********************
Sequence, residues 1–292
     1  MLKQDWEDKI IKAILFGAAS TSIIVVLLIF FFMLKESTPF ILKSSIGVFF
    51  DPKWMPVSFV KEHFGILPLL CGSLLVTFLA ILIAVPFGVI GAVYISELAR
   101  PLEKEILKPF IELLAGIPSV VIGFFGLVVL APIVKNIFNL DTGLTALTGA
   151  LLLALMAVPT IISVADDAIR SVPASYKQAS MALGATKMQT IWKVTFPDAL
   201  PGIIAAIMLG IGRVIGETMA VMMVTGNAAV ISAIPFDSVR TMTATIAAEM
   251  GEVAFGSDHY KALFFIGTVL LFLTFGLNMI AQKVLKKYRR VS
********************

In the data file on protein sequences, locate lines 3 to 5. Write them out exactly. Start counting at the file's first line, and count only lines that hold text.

    51  DPKWMPVSFV KEHFGILPLL CGSLLVTFLA ILIAVPFGVI GAVYISELAR
   101  PLEKEILKPF IELLAGIPSV VIGFFGLVVL APIVKNIFNL DTGLTALTGA
   151  LLLALMAVPT IISVADDAIR SVPASYKQAS MALGATKMQT IWKVTFPDAL